Two days later he was involved in a notable fight having returned home with E.J.E. McCloughry to clear gun jams after trying for a balloon at Estaires. He took off again at 5.30 p.m. and near Hazebrouck fell in with 74 Squadron in full cry after a Pfalz DIII which was firing at a British kite balloon. 'Cobby, who was leading the Aussies,' Jones of 74 recorded, 'had got into position East of him. When "Little Willie" saw this, he commenced turning and firing wildly everywhere. Then the greatest fun I have seen in this war began. There was this poor blighter [Uffz. Max Mertens of Jasta 7] in the middle of us, being potted at by all and sundry, while we in our eagerness to bag him were missing each other by inches... At last a Camel - it turned out to be my pal, Cobby - poured a torrent of bullets into the machine from about 30 yard's range. The Hun zoomed for the last time, turned on its back and spun down invertedly on to the trees of the Nieppe Forest... Then followed a sort of target practice. Machine after machine dived and gave it a burst before zooming steeply upwards. Cobby has been rightly credited for the kill... The body of the Hun Pilot was placed in one of our hangars for the night. He must have been blotto. He was dressed in pyjamas and a dinner jacket!'
At the end of June the Squadron was moved to Reclinghem where their rivals Murray Jones's No.2 Australian Scout Squadron was also based. The fierce competition which had always existed between the two units now naturally intensified, and with it Cobby's score continued to escalate. Following victories on the 25th and 26th and a hattrick on the 28th of June, he claimed a balloon and a Fokker Triplane on 2 July, an A.G.O.C. on the 9th, a balloon on the 14th, and a brace of Pfalz DIIIs next day. After a patrol on the 7th he dropped in on an A.I.F. sports meeting at Walian Capel, severely damaging his Camel in the process. Then 'while still in flying boots and helmet' he rode the winner of the principal horse-race. That same month he also managed two weeks leave in the U.K., where in the company of a couple of Black Watch Officers, an American Major and a fellow Australian, he got into several scrapes with the Edinburgh Police, and later had to be rescued from the top of the Scott Memorial in Princes Street by the City Fire Brigade.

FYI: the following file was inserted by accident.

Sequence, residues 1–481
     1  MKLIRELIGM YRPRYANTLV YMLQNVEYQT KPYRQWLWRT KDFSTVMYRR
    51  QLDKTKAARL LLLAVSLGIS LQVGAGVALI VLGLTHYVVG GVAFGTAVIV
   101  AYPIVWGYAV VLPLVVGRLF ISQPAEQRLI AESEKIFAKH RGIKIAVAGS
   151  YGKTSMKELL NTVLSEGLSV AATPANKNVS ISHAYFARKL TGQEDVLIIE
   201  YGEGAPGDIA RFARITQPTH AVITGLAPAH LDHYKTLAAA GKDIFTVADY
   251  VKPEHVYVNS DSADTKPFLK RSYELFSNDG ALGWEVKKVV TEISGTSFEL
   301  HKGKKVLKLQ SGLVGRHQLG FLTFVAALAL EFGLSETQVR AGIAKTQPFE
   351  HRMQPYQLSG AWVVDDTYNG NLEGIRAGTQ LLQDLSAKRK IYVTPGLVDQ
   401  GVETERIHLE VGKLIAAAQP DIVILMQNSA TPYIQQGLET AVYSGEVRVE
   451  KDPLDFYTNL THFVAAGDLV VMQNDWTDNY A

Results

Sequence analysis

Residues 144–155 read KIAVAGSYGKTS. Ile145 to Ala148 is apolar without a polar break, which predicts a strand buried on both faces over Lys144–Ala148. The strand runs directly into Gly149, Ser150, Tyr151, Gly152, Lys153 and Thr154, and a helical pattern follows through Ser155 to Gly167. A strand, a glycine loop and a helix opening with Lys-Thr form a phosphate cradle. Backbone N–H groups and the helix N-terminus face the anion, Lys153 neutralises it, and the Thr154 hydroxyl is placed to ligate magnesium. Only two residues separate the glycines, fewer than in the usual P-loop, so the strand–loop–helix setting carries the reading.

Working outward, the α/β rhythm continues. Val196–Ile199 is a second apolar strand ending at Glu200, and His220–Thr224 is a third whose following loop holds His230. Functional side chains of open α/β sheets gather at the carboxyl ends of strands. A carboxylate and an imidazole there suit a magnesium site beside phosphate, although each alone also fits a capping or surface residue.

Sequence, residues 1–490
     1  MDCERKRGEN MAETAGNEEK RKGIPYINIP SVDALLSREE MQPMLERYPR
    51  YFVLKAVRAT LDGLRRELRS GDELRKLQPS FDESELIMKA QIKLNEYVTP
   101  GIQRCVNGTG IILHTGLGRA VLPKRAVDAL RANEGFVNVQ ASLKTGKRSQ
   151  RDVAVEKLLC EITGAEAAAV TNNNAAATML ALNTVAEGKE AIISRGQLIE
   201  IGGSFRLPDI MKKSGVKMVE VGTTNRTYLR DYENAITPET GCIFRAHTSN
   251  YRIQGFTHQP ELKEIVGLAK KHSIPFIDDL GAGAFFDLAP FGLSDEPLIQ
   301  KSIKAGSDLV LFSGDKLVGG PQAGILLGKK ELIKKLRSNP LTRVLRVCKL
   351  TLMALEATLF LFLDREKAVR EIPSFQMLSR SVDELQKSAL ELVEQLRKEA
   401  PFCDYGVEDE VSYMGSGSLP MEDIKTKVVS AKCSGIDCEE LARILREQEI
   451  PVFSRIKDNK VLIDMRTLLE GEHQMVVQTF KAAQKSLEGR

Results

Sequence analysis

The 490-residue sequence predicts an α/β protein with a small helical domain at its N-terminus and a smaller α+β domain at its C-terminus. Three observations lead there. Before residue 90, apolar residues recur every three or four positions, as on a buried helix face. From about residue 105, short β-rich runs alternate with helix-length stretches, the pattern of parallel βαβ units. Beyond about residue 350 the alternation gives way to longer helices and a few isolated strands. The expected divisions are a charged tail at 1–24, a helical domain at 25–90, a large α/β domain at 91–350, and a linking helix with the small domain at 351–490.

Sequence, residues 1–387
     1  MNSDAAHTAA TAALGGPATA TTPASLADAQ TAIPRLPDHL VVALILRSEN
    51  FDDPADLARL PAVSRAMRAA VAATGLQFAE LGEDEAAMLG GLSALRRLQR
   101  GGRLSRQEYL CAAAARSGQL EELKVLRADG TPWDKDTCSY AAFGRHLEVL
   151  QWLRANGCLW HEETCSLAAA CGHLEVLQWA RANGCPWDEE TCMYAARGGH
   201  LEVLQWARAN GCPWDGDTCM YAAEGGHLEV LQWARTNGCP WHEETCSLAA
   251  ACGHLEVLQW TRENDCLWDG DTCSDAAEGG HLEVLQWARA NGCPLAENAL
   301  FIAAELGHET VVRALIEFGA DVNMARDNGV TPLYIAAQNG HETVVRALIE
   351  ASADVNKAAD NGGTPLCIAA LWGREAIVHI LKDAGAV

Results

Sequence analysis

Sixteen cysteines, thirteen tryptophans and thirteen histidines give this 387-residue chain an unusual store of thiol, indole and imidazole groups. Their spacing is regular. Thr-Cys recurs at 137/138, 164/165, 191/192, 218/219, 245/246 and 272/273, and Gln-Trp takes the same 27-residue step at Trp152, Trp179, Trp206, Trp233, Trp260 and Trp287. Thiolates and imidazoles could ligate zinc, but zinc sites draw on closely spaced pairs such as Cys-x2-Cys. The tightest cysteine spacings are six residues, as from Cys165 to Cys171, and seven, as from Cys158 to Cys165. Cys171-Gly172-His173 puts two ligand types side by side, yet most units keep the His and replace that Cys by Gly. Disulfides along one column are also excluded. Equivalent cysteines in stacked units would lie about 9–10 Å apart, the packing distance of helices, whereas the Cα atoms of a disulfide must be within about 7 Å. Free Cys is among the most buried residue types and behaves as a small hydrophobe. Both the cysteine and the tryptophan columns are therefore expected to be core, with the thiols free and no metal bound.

Back in France Cobby added three kills to his tally in two days, and on 16 August, with the Germans on the run and the Advance to Victory under way, he led 65 machines from Nos. 2 and 4 Squadrons, A.F.C., and Nos. 88, 92, 102 Squadrons, R.A.F., on a bombing raid against the German airfield at Haubourdin. En route he shared in the destruction of a Fokker DVIII, and on arrival over the target initiated the attack by setting fire to two hangars with Cooper bombs. He then dropped to deck level and fired into the open hangars in hope of setting more aircraft alight. He was by now all but tour expired, and, on the evening of 4 September, having received orders earlier the same day to return to England as an Instructor, registered his final victory, a Fokker DVII out of control near Wattignies. By this time, his achievements as the A.F.C.'s top Pilot had been widely acknowledged with coverage in the Australian press, which dubbed him the 'Elsternwick Boy Hero', and, in the field in France, with introductions to the Second Army Commander, Lord Plumer, and King George V when visiting the front. His final score, according to modern analysis, has been conservatively calculated at 29, but of more importance to those who fought alongside him was, no doubt, 'the proud boast that not one man had been lost from a patrol he had led'.
Still in England on the first Anzac Day, 1919, Cobby was selected to lead the A.F.C.'s fly-past over central London before returning home later that year. In March 1921 he was appointed to the newly formed Permanent Air Force in which he served until transferring with the rank of Wing Commander to the Citizen Air Force Reserve in April 1936. In 1940 he was recalled to full time service as Director of Recruiting at R.A.A.F. Headquarters, Melbourne, and in August 1942 was appointed A.O.C. North Eastern Area at Townsville. Here when returning from a tour of inspection of New Guinea on 7.9.1943 the Catalina Flying Boat in which he was travelling crashed, exploding one of the depth charges with which it was armed. 13 of the 19 people on board were killed or drowned outright but Cobby managed to extricate himself from the wreck, and although injured, re-entered the submerged hull three times to rescue two men, regardless of the risk that other depth charges might explode. For this deed he duly received the George Medal.
In August 1944 he was appointed to No. 10 Group (subsequently 1st Tactical Air Force) at Noemfoor which comprised Nos. 77, 78 and 81 Fighter Wings, together with numerous ancillary units, was the most important R.A.A.F. Operational Command in the South West Pacific theatre. In view of the close association between the Australian and American Air Forces between 1942-43 it was hoped that R.A.A.F. units would be given roles in the recapture of the Philippines, but it soon became evident that the Americans wanted to Americanise the final victory in the Pacific and Cobby's efforts to enter 81 Wing into the fray were thwarted at every turn. He left 1st T.A.F. in May 1945 and retired from the Service in August 1946. Post-War he occupied the appointment of Director of Flying Operations in the Civil Aviation Department, and was serving in that capacity at the time of his sudden death on 11.11.1955. At his passing, Air-Marshal Sir Richard Williams, the Director-General of Civil Aviation, commented: 'Australia has lost one of its most distinguished airmen, a man whose personal story is threaded through the entire history of Australian service and civil aviation'.
Reference sources: High Adventure, The Autobiography of Australia's Most Famous W.W.I. Flying Ace, A.H. Cobby, D.S.O., D.F.C. & 2 Bars, 1981 edition.; Tiger Squadron, Wing Commander I.R.A. "Taffy" Jones, 1954